Many aspects of the tradition (the stoning) have changed or disappeared, but the people still remember to use stones. What is implied by this fact?

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dstuva's profile pic

Doug Stuva | High School Teacher | (Level 1) Educator Emeritus

Posted on

Concerning Jackson's "The Lottery," I think the issue you're getting at is that no concrete reason for the existence of the lottery is given in the story.  None of the characters seems to know or care why they participate in the lottery once a year.  They seem to participate because it is a tradition, period; because it's what everybody does.  That's the point.

Given the right (or wrong) circumstances, normal people are capable of atrocious acts.  If you view this as a scapegoat story, otherwise normal people are capable of great cruelty to scapegoats.  The fact that there is no logical reason for the lottery is the point.

I don't see any specific significance in the use of stones as opposed to any other method of execution.  At least not as far as what you mention about the people remembering to use stones.  If there's significance in the use of stoning, it's that it is biblical, ancient, and heinous. 

missy575's profile pic

missy575 | High School Teacher | (Level 1) Educator Emeritus

Posted on

The purpose of the lottery has not changed. A death needs to occur for their harvest to be successful. This implies that the people are stuck in their ways and do not question if there is another way for their harvest to be successful.

In the very beginning, the children are playing with the stones:

Bobby Martin has already stuffed his pockets full of stones, and the other boys soon followed his example, selecting the smoothest and roundest stones;

This understanding has obviously been handed down from generation to generation. Oftentimes, a new generation questions the older of a purpose. The answer here is always, "because that's how we do it."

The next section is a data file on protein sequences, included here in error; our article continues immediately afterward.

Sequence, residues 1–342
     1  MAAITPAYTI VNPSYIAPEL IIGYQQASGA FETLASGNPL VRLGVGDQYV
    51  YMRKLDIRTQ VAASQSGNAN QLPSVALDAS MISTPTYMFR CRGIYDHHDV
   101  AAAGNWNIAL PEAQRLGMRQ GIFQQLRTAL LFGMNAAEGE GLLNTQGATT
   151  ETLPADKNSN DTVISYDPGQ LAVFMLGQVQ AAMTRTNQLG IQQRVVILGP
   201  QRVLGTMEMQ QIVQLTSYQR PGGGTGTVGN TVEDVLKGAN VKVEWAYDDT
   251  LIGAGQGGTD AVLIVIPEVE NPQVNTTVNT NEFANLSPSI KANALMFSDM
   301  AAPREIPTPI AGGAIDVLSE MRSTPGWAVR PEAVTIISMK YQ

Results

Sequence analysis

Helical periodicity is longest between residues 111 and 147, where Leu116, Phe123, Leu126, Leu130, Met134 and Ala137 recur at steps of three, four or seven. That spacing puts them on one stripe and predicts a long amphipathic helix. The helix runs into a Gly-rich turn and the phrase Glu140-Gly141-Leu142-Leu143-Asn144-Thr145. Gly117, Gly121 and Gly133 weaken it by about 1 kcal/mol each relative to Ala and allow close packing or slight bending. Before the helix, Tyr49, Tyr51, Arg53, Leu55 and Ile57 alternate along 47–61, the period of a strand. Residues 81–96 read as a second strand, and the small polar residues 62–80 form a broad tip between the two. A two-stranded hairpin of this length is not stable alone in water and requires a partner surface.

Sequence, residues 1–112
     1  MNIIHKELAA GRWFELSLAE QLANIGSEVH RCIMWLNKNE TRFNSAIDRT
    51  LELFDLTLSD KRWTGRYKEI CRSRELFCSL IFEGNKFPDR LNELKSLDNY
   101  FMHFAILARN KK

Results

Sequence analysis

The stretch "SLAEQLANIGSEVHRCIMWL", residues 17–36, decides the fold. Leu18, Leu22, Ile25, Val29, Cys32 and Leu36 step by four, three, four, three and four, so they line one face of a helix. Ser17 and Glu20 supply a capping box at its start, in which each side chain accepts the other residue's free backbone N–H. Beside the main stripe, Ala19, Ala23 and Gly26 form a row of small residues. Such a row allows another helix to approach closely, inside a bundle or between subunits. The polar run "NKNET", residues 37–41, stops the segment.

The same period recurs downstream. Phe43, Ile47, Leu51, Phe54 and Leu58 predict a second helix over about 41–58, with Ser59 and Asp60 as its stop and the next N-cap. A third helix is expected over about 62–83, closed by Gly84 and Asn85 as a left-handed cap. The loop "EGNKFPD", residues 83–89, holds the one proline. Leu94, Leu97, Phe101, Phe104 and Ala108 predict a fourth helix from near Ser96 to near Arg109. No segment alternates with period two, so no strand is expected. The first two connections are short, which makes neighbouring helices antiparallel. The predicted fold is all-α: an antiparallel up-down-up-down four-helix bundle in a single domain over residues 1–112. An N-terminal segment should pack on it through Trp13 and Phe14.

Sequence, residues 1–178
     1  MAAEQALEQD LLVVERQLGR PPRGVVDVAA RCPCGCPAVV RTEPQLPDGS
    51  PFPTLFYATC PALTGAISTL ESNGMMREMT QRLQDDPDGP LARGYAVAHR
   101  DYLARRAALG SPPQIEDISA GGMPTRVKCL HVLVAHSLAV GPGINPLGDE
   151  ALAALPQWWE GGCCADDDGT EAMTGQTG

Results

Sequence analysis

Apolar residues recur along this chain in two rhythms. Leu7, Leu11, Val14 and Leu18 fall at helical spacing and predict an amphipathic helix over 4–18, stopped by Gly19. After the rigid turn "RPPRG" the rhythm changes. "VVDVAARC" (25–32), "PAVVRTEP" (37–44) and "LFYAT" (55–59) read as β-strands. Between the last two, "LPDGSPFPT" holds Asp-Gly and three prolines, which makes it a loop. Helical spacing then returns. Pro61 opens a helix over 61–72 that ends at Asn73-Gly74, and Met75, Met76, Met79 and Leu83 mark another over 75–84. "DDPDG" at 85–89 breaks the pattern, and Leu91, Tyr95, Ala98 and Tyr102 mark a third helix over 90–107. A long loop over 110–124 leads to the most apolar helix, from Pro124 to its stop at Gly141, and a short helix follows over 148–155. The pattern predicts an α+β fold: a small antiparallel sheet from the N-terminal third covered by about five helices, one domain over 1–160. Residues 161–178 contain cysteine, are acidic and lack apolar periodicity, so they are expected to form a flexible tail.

Consider how many times in our culture that's been questioned. If we didn't question our rituals and normal routines, science and technology wouldn't have created near the amount of conveniences we have today.

 

pohnpei397's profile pic

pohnpei397 | College Teacher | (Level 3) Distinguished Educator

Posted on

That's an interesting question -- after all, what would a stoning be without stones...

But it brings up a good point.  I think what it shows is that the people have some underlying desire to do violent things to one another.

If all traditions were honored equally, then nothing about the lottery should have changed.  But many changes have actually been made.  The fact that the stones keep being used shows that the people don't really care about things like what the names are written on.  But they do want to keep on hurting others.

If this were not so, they could change and make the stoning symbolic by using rotten tomatoes or something.

So, they'll give up parts of the ritual, which means it is not JUST tradition that is driving them.  But they won't give up stoning, which means they really want to do that part of the ritual (the violent part).

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